Sports drinks continue to be popular among adolescents, with 89% of 12- to 14-year-olds consuming them, according to a survey of 4 schools in South Wales conducted by Cardiff University and Cardiff Metropolitan University. In fact, 68% drink them between one and 7 times a week, even though only 17% think they’re the “best” option when exercising. The popularity of these beverages is taking a toll on oral health, too.
“Sports drinks offer no health benefits to children and are helping fuel an epidemic of tooth decay,” said Mick Armstrong, chair of the British Dental Association (BDA). “Water remains the drink of choice when undertaking moderate exercise and is the safest option for both oral and general health.”
Sports drinks typically include carbohydrates, minerals, electrolytes, and flavorings and are designed to replace fluid, sugars, and electrolytes lost during exercise. They are usually acidic with high amounts of sugar, causing enamel erosion and tooth decay. They originally were developed for athletes and other people undertaking very intense or extended periods of physical activity.
Yet the BDA says that adolescents are drawn to these drinks because of their branding, with 45.9% saying that sports drinks are for everyone despite their age or activity level. In fact, a third of those surveyed said that teenagers are the target market. More than 60% of those surveyed recognized the logos of top brands including Lucozade Sport, Powerade, and Gatorade. Those who recognized the brands were more likely to drink them.
“It’s no accident that we are seeing such high levels of consumption among children. Cynical marketing is driving demand, and it is time government drew a line,” said Armstrong. “Big business is getting away with targeting children with products designed for athletes. High in both sugars and acids, these are not everyday drinks. And if they are going to be displayed alongside colas, they should be subject to the same taxes.”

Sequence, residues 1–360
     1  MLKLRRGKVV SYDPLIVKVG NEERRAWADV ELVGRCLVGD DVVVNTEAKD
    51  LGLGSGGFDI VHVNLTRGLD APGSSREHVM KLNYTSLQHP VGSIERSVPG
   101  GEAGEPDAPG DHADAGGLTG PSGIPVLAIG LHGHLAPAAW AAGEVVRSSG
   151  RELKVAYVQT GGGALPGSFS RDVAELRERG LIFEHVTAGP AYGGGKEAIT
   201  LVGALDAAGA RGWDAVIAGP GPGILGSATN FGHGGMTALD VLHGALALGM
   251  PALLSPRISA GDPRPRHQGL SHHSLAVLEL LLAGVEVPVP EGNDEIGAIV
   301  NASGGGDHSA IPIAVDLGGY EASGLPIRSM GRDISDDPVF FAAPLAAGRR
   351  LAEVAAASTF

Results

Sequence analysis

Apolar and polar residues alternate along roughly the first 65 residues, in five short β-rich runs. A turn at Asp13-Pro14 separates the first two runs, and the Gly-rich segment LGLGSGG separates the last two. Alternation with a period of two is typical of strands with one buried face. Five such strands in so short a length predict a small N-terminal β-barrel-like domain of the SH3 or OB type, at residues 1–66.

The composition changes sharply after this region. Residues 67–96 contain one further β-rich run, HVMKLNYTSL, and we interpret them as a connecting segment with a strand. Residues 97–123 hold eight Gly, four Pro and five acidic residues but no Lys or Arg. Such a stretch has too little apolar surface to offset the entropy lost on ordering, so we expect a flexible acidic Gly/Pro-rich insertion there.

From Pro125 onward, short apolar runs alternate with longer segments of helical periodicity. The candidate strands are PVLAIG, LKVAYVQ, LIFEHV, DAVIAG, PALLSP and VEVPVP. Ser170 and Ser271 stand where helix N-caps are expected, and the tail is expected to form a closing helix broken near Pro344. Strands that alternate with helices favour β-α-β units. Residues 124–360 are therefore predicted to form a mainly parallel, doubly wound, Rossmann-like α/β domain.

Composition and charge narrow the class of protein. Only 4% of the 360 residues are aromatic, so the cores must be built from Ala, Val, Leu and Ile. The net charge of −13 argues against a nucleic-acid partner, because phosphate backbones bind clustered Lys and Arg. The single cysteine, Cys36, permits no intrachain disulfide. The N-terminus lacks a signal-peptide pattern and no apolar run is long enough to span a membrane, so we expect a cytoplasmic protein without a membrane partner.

In March 2016, Chancellor George Osborne announced a plan to introduce a levy on drinks containing more than 5 g of sugar per 100 ml, with a higher rate for drinks with more than 8 g per 100 ml. The levy will go into effect in April 2018. The levy could raise around £276 million (or $339 million) per year that would be used to fund school athletics. Activists also are calling for restrictions on marketing and displays while improving education.
For example, 73% those surveyed correctly identified water, and only 9% identified milk, as suitable for consumption while exercising. Also, only 65% acknowledged that sports drinks could lead to tooth decay, 49% said they may erode teeth, and 48% said they may stain teeth. Tooth decay, meanwhile, is the leading cause of hospital admissions among young children in the UK, with 161 extractions a day, reports the Local Government Association.
The British sports drinks market exceeds £200 million, report the researchers. Plus, adolescents consume 15.6% of their total energy as free sugars, while the recommended limit is 5%. Sugar-sweetened beverages, including sports drinks, account for 30% of the total free sugar intake for those between the ages of 11 and 18 years. Most adolescents, the researchers noted, consume sports drinks because of the taste.
The study, “Knowledge of and Attitudes to Sports Drinks of Adolescents Living in South Wales, UK,” was published by the British Dental Journal.